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The QBI deduction calculation does not seem correct. QBI is being reduced by deductible portion of SE tax

I would expect that the QBI used to determine the 20% deduction is equal to the business net profit on Schedule C. However, on the QBI component worksheet and the QBI deduction simplified worksheet the net profit has been reduced by the deductible portion of my self employment tax. This does not seem correct

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15 Replies
DanielV01
Expert Alumni

The QBI deduction calculation does not seem correct. QBI is being reduced by deductible portion of SE tax

It is correct.   The 20% QBI deduction calculation compares the difference between 20% of the QBI (your Schedule C net income, minus any other deductions attributable to your Schedule C income, which encompasses deductions such as the solo 401K deduction, Self-Employed Health Insurance Deduction attributable to the business, and 1/2 of SE tax being deducted on your return) and 20% of your Taxable Income  (which encompasses other deductions and income amounts)  Whichever amount is lower is the QBI deduction.  

Why is TurboTax using this calculation?  Although there has been recommendations that these deductions not be considered for QBI considerations, here is what the IRS decided in their final regs.  What follows comes directly from their final regulations, which you can access through the link below.  I will be quoting from pages 43 and 44 of the regulation:  Final Regulations on Section 199A deduction (PDF) (Italics are added to show IRS official procedure on this provision) :

5. Treatment of Other Deductions

Section 199A(c)(1) provides that QBI includes the net amount of qualified items of income, gain, deduction, and loss with respect to any qualified trade or business of the taxpayer. Commenters requested additional guidance on whether certain items constitute qualified items under this provision. Several commenters suggested that deductions for self-employment tax, self-employed health insurance, and certain other retirement plan contribution deductions should not reduce QBI. One commenter reasoned that qualified retirement plan contributions should not reduce QBI because they should not be treated as being associated with a trade or business, consistent with the treatment when calculating net operating losses under section 172(d)(4)(D). The commenter also suggested that while self-employed health insurance is treated as associated with a trade or business, such expense should likewise not reduce QBI for purposes of simplification in administering the rule. Another commenter suggested that QBI should not be reduced by these expenses because they are personal adjustments. One commenter also requested guidance on whether unreimbursed partnership expenses, the interest expense to acquire partnership and S corporation interests, and state and local taxes reduce QBI.

The Treasury Department and the IRS have not adopted these recommendations because they are inconsistent with the statutory language of section 199A(c). Whether a deduction is attributable to a trade or business must be determined under the section of the Code governing the deduction. All deductions attributable to a trade or business should be taken into account for purposes of computing QBI except to the extent provided by section 199A and these regulations. Accordingly, §1.199A-3(b)(1)(vi) provides that, in general, deductions attributable to a trade or business are taken into account for purposes of computing QBI to the extent that the requirements of section 199A and §1.199A-3 are otherwise satisfied. Thus, for purposes of section 199A, deductions such as the deductible portion of the tax on self-employment income under section 164(f), the self-employed health insurance deduction under section 162(l), and the deduction for contributions to qualified retirement plans under section 404 are considered attributable to a trade or business to the extent that the individual’s gross income from the trade or business is taken into account in calculating the allowable deduction, on a proportionate basis. The Treasury Department and the IRS decline to address whether deductions for unreimbursed partnership expenses, the interest expense to acquire partnership and S corporation interests, and state and local taxes are attributable to a trade or business as such guidance is beyond the scope of these regulations.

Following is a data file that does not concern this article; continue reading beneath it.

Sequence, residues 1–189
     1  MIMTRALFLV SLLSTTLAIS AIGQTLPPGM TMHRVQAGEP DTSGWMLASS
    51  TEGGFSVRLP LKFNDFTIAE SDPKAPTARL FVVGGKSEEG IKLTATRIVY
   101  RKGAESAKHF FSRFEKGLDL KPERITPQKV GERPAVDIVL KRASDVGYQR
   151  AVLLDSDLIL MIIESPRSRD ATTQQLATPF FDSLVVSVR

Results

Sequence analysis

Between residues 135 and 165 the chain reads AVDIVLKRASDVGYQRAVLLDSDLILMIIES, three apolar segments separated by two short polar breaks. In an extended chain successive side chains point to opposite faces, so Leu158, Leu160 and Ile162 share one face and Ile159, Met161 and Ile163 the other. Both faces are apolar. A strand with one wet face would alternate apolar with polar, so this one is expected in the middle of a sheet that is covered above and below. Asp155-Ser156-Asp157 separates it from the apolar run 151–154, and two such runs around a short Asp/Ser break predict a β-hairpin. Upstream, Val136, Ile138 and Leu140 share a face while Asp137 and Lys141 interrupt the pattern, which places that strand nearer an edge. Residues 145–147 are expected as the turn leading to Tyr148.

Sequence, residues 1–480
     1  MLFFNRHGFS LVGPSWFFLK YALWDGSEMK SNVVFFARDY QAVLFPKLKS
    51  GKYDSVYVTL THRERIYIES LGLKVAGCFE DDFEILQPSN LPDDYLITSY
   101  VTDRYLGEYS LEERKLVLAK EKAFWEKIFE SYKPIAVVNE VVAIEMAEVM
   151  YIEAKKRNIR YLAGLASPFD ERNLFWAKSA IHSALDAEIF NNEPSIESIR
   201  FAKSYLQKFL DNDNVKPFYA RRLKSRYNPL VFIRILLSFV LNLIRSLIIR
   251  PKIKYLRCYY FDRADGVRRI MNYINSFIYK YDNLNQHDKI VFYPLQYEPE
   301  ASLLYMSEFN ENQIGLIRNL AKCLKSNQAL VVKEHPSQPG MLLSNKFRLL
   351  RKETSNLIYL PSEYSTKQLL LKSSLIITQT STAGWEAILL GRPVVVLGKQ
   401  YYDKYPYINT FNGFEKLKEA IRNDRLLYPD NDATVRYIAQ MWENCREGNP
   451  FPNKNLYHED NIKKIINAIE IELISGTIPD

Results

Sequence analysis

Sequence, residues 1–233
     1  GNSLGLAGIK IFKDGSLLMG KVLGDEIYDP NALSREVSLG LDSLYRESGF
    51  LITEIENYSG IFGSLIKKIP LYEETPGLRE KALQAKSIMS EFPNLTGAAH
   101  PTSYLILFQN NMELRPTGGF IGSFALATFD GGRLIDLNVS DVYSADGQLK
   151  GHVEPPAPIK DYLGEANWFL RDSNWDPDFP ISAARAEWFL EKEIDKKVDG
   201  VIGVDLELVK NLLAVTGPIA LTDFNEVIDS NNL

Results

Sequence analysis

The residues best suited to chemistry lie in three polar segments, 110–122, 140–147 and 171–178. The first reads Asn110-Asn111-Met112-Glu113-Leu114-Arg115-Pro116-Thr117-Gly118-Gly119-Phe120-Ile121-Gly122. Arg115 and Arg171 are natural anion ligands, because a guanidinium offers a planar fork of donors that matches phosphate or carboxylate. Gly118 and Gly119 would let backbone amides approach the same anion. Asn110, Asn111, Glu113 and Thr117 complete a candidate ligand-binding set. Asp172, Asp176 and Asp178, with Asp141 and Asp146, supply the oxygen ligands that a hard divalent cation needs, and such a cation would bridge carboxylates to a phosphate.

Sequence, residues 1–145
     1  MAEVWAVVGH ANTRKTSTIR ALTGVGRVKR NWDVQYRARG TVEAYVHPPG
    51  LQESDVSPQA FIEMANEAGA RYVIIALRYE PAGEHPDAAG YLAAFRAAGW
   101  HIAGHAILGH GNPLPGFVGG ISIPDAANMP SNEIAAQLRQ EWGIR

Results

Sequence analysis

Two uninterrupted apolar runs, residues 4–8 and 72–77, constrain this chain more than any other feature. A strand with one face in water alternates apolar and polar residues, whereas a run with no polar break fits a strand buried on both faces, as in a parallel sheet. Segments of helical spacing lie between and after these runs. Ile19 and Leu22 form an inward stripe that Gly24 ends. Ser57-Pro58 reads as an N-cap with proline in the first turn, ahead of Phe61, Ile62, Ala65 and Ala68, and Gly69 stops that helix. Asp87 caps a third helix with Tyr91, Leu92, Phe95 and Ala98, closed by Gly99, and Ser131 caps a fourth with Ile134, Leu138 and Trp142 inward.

To be sure, the new Section 199A deduction is taking some time to understand all of the nuance involved in the deduction.  However, the good news is that it is an extra deduction on our return that was not available before

 

This FAQ explains in more detail  (click on the View the entire answer, and then the embedded link  How is the deduction calculated? (Not for the faint of heart!):  https://ttlc.intuit.com/replies/7019998 

[Edited 2/11/2019 12:39 PST]

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The QBI deduction calculation does not seem correct. QBI is being reduced by deductible portion of SE tax

While I appreciate the quick response, after several hours of research of IRS FAQ's, regulations and various posts, I cannot find a single thing that supports this position. So I remained confused
DanielV01
Expert Alumni

The QBI deduction calculation does not seem correct. QBI is being reduced by deductible portion of SE tax

I understand, and it's a very complicated calculation.  I'll try to give two examples.  In example 1, you are self-employed and earned 40000 of net self-employment income.  Your AGI (which includes your se tax deduction, and se health insurance deduction) is $32,000.  Your QBI deduction is the lesser of 20% of AGI ($6400) or 20% of your qualified business income. (8,000).  This is why your QBI deduction is $6400.  
Example 2.  Same amount of self-employment, but you also have a job paying $10,000 in wages reported on a W-2.  Since now your AGI is $42,000, you will get the full 8,000 of QBI deduction.